An MIT faculty member partnered with a poet to publish a so-called poetry generator, which uses language from the work of Emily Dickinson and Melville's "Moby-Dick." The project, dubbed "Sea and Spar Between," allows users to browse a vast body of words used by both Dickinson and Meville to form new stanzas of poetry.
The MIT faculty member responsible, Nick Montford, said about the project:
The human/analog element involved jointly selecting small samples of words from the authors' lexicons and inventing a few ways of generating lines. We did this not quantitatively, but based on our long acquaintance with the distinguishing textual rhythms and rhetorical gestures of Melville and Dickinson.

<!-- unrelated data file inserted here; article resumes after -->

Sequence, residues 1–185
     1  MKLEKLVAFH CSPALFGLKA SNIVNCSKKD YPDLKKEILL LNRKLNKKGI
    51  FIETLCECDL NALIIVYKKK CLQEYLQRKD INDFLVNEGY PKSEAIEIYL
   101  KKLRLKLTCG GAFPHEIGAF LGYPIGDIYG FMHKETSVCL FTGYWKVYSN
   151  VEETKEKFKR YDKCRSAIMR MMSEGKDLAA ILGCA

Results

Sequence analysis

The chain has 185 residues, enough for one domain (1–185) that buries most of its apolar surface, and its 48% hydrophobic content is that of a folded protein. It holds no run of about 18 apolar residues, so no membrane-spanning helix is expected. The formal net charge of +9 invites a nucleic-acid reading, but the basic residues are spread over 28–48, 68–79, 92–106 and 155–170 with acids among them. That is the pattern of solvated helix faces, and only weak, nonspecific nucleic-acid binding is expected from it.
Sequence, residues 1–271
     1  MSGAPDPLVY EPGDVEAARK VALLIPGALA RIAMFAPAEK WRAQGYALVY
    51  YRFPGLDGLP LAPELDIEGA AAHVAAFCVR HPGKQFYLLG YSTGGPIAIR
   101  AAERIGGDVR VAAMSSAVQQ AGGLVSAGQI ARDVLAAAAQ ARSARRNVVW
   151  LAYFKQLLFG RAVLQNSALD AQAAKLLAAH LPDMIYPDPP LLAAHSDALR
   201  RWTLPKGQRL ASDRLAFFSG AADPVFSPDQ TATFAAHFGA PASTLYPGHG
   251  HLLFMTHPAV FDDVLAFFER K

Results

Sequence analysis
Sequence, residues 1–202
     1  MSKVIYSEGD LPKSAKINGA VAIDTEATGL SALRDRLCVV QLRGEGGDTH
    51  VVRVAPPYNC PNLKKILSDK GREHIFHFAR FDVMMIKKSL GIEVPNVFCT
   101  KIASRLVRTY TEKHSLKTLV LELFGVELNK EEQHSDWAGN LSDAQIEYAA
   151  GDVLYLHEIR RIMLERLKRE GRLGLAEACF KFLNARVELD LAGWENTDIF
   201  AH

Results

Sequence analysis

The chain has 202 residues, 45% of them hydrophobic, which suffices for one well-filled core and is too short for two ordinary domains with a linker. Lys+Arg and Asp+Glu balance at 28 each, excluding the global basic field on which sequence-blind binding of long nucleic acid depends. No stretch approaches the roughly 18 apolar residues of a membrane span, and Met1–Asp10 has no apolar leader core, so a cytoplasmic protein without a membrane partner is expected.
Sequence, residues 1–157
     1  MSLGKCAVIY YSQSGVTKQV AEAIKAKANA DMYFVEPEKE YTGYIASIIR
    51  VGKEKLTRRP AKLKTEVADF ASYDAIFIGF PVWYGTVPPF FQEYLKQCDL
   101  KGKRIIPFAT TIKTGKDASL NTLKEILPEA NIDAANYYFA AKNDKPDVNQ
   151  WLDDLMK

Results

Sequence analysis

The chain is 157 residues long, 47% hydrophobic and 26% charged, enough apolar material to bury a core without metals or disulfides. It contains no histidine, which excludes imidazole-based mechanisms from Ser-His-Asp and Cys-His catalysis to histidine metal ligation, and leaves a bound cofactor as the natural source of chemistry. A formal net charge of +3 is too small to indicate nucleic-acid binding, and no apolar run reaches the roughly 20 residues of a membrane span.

The project is self-defined as:
"Sea and Spar Between is a poetry generator which defines a space of language populated by a number of stanzas comparable to the number of fish in the sea, around 225 trillion. Each stanza is indicated by two coordinates, as with latitude and longitude. They range from 0 : 0 to 14992383 : 14992383."
So, what does the poetry look like?
- "turn on / paradise! morning! / turn on / nailed to the deck"
- "one sky one friend one place one grass / blameless move and move / fix upon the pinkdrum course / then artless is the sea"
Will you check the project out? Let us know your reactions in the comments section below.